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The fight to normalize cannabis use got a victory in the sports world after the UFC removes marijuana from Anti-doping rules on January 14, 2021. The United States Anti-Doping Agency (USADA) announced changes to its anti-doping policy, including a reversal of its ban on cannabis use for athletes.
From here on out, testing positive for THC metabolites “will no longer be considered a violation” of the mixed martial arts promotion company. The ruling takes effect retroactively on January 1, 2021. However, there is an exception for instances where the player uses the drug for performance-enhancing purposes.
UFC Removes Marijuana from Anti-doping Rules
Before the big announcement, the USADA had phytocannabinoids, cannabinoids derived from the cannabis plant, including non-intoxicating CBD, listed on the UFC Prohibited List of substances.
Now, the USADA has removed phytocannabinoids from its list. Many of these compounds, including THC and CBD, are commonly used by UFC athletes to relieve pain, sleep issues, and depression. At the moment, research does not indicate that these cannabinoids improve athletic performance or pose a health risk to athletes.
When speaking to ESPN, UFC Senior Vice-President of Athlete Health and Performance Jeff Novitzky said that now the USADA has a high burden of proof to enforce cannabis sanctions. It would have to be an obvious instance of impairment where a fighter has bloodshot eyes, coordination problems, and marijuana smell, which has never occurred, according to Novitzky.
If this did occur, the UFC would not immediately suspend a fighter. Instead, they would be directed to a substance treatment program.
While the USADA will loosen its stance on positive marijuana urine tests, most athletic commissions that oversee UFC fights will still enforce these outdated cannabis regulations.
The Nevada State Athletic Commission (NSAC) has suspended and fined athletes and overturned wins due to positive marijuana tests. In July 2021, however, the commission lifted its ban on marijuana use, except if a fighter shows up impaired on fight night. For six months, the commission will continue to test for cannabis for their study into head trauma.
The California State Athletic Commission (CSAC) changed their anti-doping policy to a $100 fine for a positive THC test.
Why the Policy Change?
Sports leagues around the country continue to ease their restrictions on cannabinoid use. The world is learning that urine tests that detect THC metabolites are not accurate indicators of current impairment.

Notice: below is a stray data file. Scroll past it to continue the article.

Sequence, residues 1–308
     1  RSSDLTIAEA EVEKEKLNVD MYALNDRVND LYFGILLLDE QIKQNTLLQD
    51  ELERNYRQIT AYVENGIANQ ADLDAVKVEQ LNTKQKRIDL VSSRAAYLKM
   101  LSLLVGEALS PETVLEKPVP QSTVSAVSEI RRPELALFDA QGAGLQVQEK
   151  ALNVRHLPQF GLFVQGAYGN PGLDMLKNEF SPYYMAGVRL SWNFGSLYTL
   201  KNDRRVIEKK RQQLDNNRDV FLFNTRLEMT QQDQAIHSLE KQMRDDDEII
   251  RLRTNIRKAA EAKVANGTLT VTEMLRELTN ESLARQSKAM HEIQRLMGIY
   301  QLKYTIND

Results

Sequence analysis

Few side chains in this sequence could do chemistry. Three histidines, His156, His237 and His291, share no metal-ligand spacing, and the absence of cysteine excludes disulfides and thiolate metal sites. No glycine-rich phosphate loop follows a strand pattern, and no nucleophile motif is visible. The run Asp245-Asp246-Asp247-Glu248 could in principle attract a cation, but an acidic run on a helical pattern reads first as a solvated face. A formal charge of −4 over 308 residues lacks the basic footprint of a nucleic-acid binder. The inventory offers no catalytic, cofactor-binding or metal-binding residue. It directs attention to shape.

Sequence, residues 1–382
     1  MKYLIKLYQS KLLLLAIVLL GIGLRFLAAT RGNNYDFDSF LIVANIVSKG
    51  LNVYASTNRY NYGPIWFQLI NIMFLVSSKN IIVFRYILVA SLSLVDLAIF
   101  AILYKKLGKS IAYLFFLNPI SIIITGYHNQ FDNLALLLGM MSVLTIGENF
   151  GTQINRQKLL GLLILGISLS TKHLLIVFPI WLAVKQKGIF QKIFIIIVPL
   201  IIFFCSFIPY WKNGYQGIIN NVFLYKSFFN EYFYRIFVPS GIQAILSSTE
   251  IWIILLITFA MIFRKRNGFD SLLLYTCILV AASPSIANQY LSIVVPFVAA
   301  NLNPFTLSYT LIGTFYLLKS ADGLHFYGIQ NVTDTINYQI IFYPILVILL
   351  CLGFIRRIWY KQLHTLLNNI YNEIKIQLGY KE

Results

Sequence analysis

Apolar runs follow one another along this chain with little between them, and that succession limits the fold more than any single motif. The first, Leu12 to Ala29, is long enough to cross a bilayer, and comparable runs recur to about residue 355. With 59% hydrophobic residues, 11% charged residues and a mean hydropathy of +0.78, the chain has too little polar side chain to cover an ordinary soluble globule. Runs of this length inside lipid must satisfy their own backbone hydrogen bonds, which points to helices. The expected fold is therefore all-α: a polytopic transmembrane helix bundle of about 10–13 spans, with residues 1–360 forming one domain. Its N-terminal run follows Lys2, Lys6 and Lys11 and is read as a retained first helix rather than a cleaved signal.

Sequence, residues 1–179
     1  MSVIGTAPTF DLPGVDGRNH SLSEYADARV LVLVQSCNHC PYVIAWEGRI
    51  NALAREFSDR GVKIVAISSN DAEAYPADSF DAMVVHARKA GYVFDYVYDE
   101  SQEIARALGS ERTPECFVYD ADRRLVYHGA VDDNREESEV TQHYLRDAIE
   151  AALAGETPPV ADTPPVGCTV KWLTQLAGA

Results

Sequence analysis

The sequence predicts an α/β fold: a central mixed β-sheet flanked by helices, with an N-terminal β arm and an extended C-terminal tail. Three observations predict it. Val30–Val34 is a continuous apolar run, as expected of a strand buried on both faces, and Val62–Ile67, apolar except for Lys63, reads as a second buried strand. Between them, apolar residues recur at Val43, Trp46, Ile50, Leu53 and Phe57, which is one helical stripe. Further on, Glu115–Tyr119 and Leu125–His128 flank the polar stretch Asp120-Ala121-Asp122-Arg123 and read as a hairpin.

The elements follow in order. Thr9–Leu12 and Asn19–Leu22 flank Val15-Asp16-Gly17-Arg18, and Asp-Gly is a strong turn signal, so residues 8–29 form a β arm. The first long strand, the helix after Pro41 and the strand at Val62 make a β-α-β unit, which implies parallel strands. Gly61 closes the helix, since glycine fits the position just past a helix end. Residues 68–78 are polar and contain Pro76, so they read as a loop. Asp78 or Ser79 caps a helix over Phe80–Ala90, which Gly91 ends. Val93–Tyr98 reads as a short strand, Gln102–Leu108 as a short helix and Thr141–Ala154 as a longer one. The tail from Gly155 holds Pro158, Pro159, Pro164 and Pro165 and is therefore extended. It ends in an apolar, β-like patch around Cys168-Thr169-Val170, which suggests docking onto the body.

If you consume cannabis, the THC gets metabolized, stored in fatty tissues in the body, and slowly released over time. Heavy and regular users can have THC metabolites linger in their body up to a month after their last use.
Jeff Novitzky stated that the THC urine test is “not an ideal marker in athletes to indicate in-competition impairment.” Just because athletes tested positive on fight night does not mean that they consumed cannabis that day.
Novitzky continues, “the bottom line is that in regard to marijuana, we care about what an athlete consumed the day of a fight, not days or weeks before a fight, which has often been the case in our historic positive THC cases.”
What This Means for the UFC
The change in drug testing signals a progressive stance from the USADA and UFC. It is especially beneficial for athletes who commonly use cannabis as replacements for opioids and depressants, which can cause severe side effects, dependence, and addiction.
With cannabis prohibition enforced, UFC fighters would stop their use of cannabis weeks before a fight to avoid any sanctions or suspensions. As a result, they would turn to harder substances to ease the pain. These prescription drugs could affect their performance and health.
Even before the ruling took effect, cannabinoids were a major part of UFC culture. Many fighters have CBD sponsorships or have launched CBD startups. Now, cannabis use will be embraced among fighters to offset the physical and mental toll of the competitions.
How the Times Have Changed
The UFC, and other major sports leagues, have punished many athletes over the years for their use of cannabis. One of the most well-known instances of enforcement of anti-doping policies in the UFC happened in 2015 when Anderson Silva and Nick Diaz tested positive for drugs at UFC 183.
Silva tested positive for anabolic steroids and was suspended for one year. Diaz tested positive for cannabis and got a five-year ban and a $165,000 fine by the Nevada Commission. This was Diaz’s third cannabis-related offense. A multi-year suspension is basically a lifetime ban for older fighters.
Stay Up to Date with the Latest Cannabis Industry Developments
As of late, professional sports leagues have eased their restrictions on marijuana consumption. We can expect a gradual shift toward cannabis acceptance as states continue to legalize cannabis use. Stay up-to-date with the latest changes in the sports world by following Cannabis Training University’ marijuana industry blog.